You simply can’t talk about the hatred women’s basketball receives without talking about homophobia and racism, too. Black, queer women and nonbinary people are some of the most marginalized people in our society. And yet, women’s basketball — and the WNBA in particular — gives these women power, visibility, and a platform. These women both avail themselves of that platform, and have the tenacity to continue to demand more recognition. They’re not just satisfied with what they have.

No wonder the fragile men are angry.

I've wondered for years why the WNBA, much more so than other women's professional leagues, is maligned and disrespected. I think this just may be the answer. Men are threatened when they don't feel needed, and a powerful group of female athletes doesn't seem to need them. So a backlash isn't surprising.

And I have an observation of my own, piggybacking on this piece: white lesbians in the league seem to be more generally accepted than lesbians of color. Thank about it......was there any backlash when Elena Delle Donne came out, and then got married? I didn't hear any. Ditto for Sue Bird coming out, and being in ESPN's "the body" issue with her girlfriend recently. Didn't hear negative statements last year, either, when Diana Taurasi and Penny Taylor got married.

The women of the WNBA are a phenomenal bunch. Straight, gay or bisexual, they support each other on and off the court. By and large, they don't seem to care about the sexuality of their teammates, which is a far cry for the stories of homophobia that have come out of the NBA. It is impressive. Men can take so many lessons from women.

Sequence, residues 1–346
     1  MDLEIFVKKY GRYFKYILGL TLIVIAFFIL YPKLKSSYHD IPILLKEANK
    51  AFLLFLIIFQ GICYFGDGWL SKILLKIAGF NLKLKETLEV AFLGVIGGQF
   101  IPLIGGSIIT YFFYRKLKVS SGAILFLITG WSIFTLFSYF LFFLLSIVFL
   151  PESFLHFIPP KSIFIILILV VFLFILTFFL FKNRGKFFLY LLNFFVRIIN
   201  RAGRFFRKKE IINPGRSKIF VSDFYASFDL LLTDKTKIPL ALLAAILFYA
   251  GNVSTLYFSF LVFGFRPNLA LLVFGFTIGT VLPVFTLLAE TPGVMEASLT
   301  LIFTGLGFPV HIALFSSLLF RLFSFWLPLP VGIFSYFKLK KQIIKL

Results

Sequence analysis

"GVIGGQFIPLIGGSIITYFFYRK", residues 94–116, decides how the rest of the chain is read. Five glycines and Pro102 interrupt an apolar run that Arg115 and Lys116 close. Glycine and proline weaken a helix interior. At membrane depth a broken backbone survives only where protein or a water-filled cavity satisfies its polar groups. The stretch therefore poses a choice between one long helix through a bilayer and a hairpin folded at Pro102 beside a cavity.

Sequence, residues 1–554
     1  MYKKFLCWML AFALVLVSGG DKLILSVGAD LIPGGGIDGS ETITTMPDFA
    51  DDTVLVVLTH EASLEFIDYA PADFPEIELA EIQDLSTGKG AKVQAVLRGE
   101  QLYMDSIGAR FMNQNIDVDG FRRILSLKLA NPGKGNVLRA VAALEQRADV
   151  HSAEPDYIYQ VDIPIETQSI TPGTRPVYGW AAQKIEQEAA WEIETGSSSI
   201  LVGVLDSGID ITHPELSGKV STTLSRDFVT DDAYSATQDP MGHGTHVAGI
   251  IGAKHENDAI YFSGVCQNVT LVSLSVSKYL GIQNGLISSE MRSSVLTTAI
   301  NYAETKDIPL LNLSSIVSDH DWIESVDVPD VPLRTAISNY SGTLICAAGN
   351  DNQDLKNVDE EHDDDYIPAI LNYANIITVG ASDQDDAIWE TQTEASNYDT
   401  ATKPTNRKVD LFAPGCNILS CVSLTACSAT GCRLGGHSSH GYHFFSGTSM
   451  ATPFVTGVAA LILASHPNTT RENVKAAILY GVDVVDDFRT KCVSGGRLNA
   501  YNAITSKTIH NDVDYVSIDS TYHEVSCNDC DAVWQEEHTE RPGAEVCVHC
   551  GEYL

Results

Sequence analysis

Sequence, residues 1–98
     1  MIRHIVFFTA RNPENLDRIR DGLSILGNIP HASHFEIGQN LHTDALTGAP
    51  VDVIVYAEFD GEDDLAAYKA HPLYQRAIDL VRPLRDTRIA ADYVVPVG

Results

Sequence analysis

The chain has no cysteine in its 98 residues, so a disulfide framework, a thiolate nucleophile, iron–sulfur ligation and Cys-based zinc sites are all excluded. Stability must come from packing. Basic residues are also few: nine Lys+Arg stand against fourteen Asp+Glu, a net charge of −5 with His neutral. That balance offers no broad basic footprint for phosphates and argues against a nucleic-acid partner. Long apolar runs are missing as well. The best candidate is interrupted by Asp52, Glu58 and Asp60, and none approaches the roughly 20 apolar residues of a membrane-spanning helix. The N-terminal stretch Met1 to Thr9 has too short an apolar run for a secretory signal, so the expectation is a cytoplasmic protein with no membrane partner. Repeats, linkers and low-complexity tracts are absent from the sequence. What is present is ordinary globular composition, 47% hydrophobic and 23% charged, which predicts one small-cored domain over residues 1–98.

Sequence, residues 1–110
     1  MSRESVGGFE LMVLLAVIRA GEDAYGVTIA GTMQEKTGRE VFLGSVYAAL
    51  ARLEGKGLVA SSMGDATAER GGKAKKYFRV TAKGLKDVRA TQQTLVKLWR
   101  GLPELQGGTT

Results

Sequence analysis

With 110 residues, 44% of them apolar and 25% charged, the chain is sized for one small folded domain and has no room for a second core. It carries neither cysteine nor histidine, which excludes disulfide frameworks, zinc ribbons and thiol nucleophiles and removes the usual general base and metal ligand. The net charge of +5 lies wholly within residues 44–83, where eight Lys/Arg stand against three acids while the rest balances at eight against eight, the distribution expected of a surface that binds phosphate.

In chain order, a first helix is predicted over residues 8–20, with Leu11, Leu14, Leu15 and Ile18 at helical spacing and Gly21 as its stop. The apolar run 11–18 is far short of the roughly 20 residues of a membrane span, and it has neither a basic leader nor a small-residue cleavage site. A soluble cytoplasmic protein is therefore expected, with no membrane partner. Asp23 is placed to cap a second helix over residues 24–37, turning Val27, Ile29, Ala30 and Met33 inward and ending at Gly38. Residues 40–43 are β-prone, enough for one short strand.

The best part of this story is the ending:

“Our league is growing every year. So as much as people want to troll, at the end of the day we’re growing and we’re getting bigger and better,” Atlanta Dream center Elizabeth Williams told ThinkProgress.

“I mean, we’re not going away,” Currie said. “Our league is here to stay.”

Hell yeah it is.

Another unpredictable day in the WNBA

Today's results:

The Liberty beat the Sun on a last-second shot by Shavonte Zellous, 79-76.

The Dream shot down the Mystics, 106-89.

The Lynx routed the Fever, 87-65.


The Sky have signed Linnae Harper and Amber Harris to seven-day contracts, and the Dream did the same with Alexis Prince.

The Lynx have signed Erlanna Larkins to a seven-day contract.


Tomorrow's game:

Wings at Sparks.

WNBA team news:

In the WNBA, LGBTQ pride shines brighter and brighter.

What happened to the Von Trapp Family atmosphere of the Connecticut Sun?

The Sparks say yesterday's win helped then turn a corner.

WNBA player news:

Angel McCoughtry is playing a new role, but has the same goal.

Chelsea Gray is confidently coming into her own.

Danielle Robinson hit the first three-pointer of her career today.

Tina Charles has won the 2018 Mannie Jackson Basketball Human Spirit Award.

Bria Hartley is looking forward and giving back.

Skylar Diggins-Smith and Cappie Pondexter are among SI's 50 most stylish athletes.

Sylvia Fowles is on the rise on the league's race to the MVP list this week.

Yardbarker also has a list.

College player news:

Green Bay's Alex Leuhring has transferred to Wisconsin to be closer to her ill father.

College coach news:

Sasha Palmer is a new assistant coach at Georgia Tech.

International news:

Canada is taking aim at a world basketball medal.